Intense interval training circuits also stimulate muscle-building hormones while simultaneously using up calories and burning fat. The body produces the growth hormone known as IGF-1 during HIIT, for example, which allows the body to build lean mass muscle.
According to a paper presentation at the 2012 European Society of Cardiology annual meeting:
In addition to affecting DNA, the wide variety of anti-aging HIIT benefits include:
6. Helps Balance Hormones (3 Key Ones)
In addition to be “anti-aging,” a critical benefit of high intensity interval training is that it can help balance the hormones responsible for weight gain and unhealthy eating habits:
In theory, high intensity interval training produces a seesaw effect on these two key hormones (testosterone and leptin) that usually counteract against each other, but promote the same desirable weight loss effect. The question has been, “Would the amount of leptin produced as a result of HIIT be enough to counteract testosterone’s ability to slow down leptin release?”
Well, according to a study published in the journal Endocrine, the answer is yes. Apparently, high intensity workouts promote a very unique environment where leptin is relatively impervious to the negative effects of testosterone elevation, as no relationship between the two could be found in a clinical trial. By doing HIIT training exercises, you receive the benefit of both weight-loss promoting hormones.
Just two from a myriad of research studies, it is becoming clearer than ever that high-intensity interval training is quite effective at curbing several appetite and weight gain hormones
Like any activity, it is important to perform it in the most effective way. The same is true for high intensity interval training. To maximize your HIIT training, it is best to exercise first thing every morning to control gherlin and leptin.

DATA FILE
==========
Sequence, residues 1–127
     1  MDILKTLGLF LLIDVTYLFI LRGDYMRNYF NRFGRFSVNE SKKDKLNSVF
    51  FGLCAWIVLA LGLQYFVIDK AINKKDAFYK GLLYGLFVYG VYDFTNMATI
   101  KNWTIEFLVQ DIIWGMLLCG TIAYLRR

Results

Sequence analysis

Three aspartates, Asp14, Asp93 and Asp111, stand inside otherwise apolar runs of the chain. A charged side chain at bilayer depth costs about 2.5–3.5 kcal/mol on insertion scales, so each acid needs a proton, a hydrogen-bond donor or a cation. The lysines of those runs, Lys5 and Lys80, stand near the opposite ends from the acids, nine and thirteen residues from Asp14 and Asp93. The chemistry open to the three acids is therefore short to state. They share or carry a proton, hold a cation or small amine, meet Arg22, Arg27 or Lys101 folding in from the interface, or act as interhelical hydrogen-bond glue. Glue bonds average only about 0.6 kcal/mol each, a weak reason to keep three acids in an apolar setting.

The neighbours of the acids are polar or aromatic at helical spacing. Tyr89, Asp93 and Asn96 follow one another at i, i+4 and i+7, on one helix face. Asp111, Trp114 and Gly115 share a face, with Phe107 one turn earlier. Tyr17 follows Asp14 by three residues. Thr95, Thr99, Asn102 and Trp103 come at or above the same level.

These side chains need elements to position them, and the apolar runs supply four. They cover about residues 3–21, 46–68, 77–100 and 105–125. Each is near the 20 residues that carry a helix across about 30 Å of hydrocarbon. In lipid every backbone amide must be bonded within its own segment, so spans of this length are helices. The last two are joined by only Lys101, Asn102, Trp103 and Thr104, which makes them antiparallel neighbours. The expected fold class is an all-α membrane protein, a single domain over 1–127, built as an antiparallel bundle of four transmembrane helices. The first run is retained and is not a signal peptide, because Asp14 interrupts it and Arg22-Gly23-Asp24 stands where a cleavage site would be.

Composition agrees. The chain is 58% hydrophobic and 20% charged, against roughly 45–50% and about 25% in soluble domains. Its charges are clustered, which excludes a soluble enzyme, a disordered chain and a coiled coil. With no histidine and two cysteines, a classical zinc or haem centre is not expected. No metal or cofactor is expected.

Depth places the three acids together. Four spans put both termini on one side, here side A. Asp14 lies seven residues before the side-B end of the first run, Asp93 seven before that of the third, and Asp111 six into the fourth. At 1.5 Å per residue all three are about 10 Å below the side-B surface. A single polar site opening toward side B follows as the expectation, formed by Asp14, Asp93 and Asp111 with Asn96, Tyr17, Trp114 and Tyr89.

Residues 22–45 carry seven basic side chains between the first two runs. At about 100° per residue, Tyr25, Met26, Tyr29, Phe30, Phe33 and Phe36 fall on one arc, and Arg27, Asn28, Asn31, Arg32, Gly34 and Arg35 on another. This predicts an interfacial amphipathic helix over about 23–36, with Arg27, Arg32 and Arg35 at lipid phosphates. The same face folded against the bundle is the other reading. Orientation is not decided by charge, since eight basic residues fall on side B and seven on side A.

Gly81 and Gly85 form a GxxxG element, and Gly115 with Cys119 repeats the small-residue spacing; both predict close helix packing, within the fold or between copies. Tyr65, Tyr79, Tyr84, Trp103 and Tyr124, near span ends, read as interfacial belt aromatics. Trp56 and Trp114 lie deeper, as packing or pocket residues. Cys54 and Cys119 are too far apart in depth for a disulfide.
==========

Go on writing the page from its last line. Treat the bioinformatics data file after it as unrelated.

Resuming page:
According to a study published in the Journal of Physiology, exercising on an empty stomach has also been shown to improve glucose tolerance and insulin sensitivity. Not only contributing to type 2 diabetes prevention and weight loss, this has been proven to curb the munchies and the desire to eat unhealthy snacks in conjunction with ghrelin and leptin.
Certain studies have shown that high-intensity exercise can be potentially unsafe for sedentary middle-aged adults. It’s best performed by those who are already somewhat active and have a healthy cardiovascular system.
That being said, anyone can work towards practicing HIIT workouts for their multiple benefits. However, if you aren’t already exercising, then it’s best to start slowly to avoid injury or more serious problems.
In conclusion, an exercise plan that includes consistent high-intensity interval exercise has been shown to improve body composition, boost cardio-metabolic health, lessen the risk for heart disease, and help improve exercise tolerance, even in obese and overweight participants.
Research has shown that HIIT workouts are safe, efficient, well-tolerated and could help to improve adherence to exercise training given the limited time commitment that they require.
No matter what your exercise preference is — whether running, biking, swimming or lifting weights, for example — you can practice HIIT workouts to improve your abilities. Even seasoned athletes use HIIT workouts to gain stamina and bust through plateaus that they are experiencing after practicing one particular type of exercise for a long time.
HIIT workouts are a great way to “shock” your muscles and to kick your body into high gear, allowing you to continue experiencing results and improvements after your body has gotten accustomed to your usual workout routine.
According to studies, it’s believed that an optimal HIIT workout produces maximum cardiovascular benefits when athletes spend at least several minutes per session in their “red zone” — this generally means reaching at least 90 percent of maximal oxygen uptake (VO2max).